Find and Rehome Orphaned Files
There are 3 Different ways to recover Orphaned Files.
A. Know the file’s name? Search directly using the ”Drive Search”.
- Go to Drive on a computer ? log in with your Google account.
- Go to Search ? search for the file by entering its name. It will appear in the results of the search, even if it’s not in any folder. You can then rehome it to any folder you choose.
B. Don’t know the file’s name? Use parameters in the Drive search.
- Go to Drive on a computer ? log in with your Google account.
- Go to Search ? search for the following special parameters: is: unorganized owner: me (By adding owner: me, only the files that you have created that are not in a folder will come out).
C. Find Orphaned Files Using GAT
GAT+ allows Admins to easily find all orphaned files for any user, group or OU.
Recover Files from a Deleted/Closed Account
Perhaps the file belonged to a deleted or closed Google Workspace account.
When an account that OWNS a Google Drive file is deleted, that file is deleted as well — even if it was shared with other domain users.
Lost important files on a Google account that’s now closed? No problem, simply follow these steps:
File Ownership vs Sharing in Google Drive
Finally, let’s look into why file ownership is a crucial factor to consider when searching for missing files in Google Drive.
Files are bound to their owners, not others whom the file is shared with. Understanding file ownership helps you solve the bigger riddle better by knowing exactly where to look.
A. Ownership: Every file (or folder) a user creates, syncs or uploads ‘They’ automatically become its Owner. As the owner, they can:
- Share it with other people.
- Permanently delete it from Google Drive.
- Control whether people can edit, comment on, or only view the file.
- Transfer ownership to someone else.
B. Sharing: Whenever a file (or folder) is shared in Google Drive, that file (or folder) still remains with the owner (on their google drive).
Now if the owner deletes the file, it will be physically deleted from the drive, and anyone with whom the file is shared will no longer have access to it.
- Delete a file shared with them. Only the owner can delete the file for good.
- Recover a file shared with them that has been deleted by the owner.
What if someone shares a file with another user, that user adds it to their Drive, then later deletes it. Will it still be on their drive? ?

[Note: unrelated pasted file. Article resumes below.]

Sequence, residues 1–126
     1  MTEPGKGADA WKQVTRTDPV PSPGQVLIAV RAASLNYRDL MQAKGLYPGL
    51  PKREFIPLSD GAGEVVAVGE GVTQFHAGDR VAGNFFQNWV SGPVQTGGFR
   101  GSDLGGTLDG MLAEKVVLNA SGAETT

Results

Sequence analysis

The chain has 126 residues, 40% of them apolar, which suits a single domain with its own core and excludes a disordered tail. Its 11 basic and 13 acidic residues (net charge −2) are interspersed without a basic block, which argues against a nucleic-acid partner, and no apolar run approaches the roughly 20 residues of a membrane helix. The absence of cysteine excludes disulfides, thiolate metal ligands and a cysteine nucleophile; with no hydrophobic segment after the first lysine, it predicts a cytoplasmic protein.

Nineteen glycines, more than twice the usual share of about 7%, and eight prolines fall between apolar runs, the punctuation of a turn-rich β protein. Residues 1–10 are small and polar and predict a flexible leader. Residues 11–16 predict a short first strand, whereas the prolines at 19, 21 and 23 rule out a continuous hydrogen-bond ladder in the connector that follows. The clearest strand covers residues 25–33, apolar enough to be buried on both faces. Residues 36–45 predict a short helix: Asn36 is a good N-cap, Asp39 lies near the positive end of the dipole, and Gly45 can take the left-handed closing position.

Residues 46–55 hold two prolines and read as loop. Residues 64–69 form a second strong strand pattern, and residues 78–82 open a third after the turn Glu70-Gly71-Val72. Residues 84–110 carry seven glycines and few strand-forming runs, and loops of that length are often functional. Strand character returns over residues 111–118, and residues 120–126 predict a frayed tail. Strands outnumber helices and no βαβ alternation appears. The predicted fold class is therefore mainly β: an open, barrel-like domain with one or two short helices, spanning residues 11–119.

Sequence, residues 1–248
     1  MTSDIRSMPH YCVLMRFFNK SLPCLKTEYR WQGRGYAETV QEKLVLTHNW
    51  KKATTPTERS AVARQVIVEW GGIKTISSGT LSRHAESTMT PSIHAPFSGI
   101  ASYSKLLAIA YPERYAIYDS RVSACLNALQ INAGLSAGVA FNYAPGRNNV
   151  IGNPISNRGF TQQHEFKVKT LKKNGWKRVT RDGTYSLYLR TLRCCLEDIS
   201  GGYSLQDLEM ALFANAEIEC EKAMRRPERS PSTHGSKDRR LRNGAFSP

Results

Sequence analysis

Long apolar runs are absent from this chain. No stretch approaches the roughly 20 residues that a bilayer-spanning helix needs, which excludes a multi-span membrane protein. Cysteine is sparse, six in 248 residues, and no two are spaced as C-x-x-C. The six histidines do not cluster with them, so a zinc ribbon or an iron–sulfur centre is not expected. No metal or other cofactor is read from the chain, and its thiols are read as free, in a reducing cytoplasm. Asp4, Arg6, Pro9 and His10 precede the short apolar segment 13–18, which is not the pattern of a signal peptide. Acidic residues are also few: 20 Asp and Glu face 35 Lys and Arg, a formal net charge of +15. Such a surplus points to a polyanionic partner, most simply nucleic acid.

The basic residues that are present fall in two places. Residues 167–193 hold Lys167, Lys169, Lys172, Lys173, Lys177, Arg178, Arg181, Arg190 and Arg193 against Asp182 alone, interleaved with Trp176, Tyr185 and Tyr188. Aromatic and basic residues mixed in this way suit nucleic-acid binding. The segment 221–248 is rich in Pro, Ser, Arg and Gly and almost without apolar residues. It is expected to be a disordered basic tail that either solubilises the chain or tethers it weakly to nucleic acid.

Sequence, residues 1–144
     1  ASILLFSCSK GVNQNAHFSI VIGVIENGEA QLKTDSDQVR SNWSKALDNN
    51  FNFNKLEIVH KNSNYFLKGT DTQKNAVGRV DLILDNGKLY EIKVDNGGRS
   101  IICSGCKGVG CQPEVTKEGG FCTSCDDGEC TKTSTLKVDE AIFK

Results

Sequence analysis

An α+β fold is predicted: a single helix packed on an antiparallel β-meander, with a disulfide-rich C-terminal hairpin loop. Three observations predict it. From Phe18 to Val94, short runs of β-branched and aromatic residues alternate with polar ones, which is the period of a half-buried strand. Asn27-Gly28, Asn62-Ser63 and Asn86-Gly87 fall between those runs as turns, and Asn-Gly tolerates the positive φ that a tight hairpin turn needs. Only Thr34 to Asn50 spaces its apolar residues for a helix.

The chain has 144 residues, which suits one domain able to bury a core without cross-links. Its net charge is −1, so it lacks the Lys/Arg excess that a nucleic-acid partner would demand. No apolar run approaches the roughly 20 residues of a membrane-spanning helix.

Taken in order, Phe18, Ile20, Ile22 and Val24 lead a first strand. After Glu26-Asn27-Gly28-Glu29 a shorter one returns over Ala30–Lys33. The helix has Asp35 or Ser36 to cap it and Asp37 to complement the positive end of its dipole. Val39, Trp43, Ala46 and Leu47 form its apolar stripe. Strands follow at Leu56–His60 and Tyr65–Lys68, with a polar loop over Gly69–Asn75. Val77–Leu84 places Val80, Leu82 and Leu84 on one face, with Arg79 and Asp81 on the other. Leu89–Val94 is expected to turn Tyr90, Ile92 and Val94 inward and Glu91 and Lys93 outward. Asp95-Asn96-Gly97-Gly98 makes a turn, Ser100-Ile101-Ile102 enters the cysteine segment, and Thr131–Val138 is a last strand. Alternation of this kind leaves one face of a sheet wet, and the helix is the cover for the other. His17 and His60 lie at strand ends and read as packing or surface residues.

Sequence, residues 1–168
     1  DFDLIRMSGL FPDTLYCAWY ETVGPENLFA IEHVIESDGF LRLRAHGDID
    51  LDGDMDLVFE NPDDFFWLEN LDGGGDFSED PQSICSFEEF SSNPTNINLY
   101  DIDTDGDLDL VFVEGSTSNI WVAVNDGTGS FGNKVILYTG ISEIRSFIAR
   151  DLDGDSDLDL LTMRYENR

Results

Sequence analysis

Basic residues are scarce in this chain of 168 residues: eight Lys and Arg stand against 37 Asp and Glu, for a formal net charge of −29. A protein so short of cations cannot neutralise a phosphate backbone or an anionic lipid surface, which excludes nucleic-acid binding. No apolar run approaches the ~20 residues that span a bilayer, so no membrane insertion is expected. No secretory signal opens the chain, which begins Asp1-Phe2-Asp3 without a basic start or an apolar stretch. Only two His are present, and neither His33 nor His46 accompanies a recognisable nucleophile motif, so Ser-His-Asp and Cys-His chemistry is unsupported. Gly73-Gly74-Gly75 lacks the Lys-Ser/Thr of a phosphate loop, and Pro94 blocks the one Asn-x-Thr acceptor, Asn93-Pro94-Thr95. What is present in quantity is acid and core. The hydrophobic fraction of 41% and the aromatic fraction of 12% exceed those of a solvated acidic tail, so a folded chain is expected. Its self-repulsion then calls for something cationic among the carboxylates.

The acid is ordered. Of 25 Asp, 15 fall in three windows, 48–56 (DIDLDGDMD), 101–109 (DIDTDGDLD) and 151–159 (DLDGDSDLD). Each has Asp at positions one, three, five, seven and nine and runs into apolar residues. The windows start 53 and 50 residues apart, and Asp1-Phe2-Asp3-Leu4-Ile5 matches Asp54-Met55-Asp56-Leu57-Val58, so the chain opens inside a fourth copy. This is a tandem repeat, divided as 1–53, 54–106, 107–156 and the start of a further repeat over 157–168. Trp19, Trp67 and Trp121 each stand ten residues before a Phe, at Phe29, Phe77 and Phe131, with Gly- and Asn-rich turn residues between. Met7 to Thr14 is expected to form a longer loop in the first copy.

The answer is No. The file is still ‘owned’ by the person who created it. All they did there was reorganise the file in their own Drive, so it can still be found. That’s different from copying or downloading it.
Find Files that contain sensitive information in Google Drive
Using GAT+ an admin can find any document from the domain that contains sensitive data.
This allows you as an admin to perform a search in Google drive for all your domain users in bulk and find files that contain critical data to better manage and secure them.
10 more Ways GAT helps you better manage Google Drive file ownership and sharing ?:
- Replacing current sharing permissions on your Google Drive files.
- Removing all permissions on Google Drive shares with an exception of a single user.
- Find publicly shared Google files.
- Search for Specific File Types in your Google Workspace Domain and Change their ownership in Google Drive.
- Manage files owned by leaving users easily.
- Remove All permissions to all ‘Sensitive’ folders and their sub-folders.
- Understand Google Group activity email and file sharing.
- Remove external shares when files haven’t been accessed for a certain number of days.
- Find and Transfer Ownership of Mp3 Files.
- Detect a Sharing Policy Violation in Google Drive.
Well, That’s it for your 101 guide now. We hope you find it useful ?
If you have any admin-related Google Drive File Recovery question that we didn’t answer in this guide you can send it to our experts at email@example.com— we’ll be happy to help you out.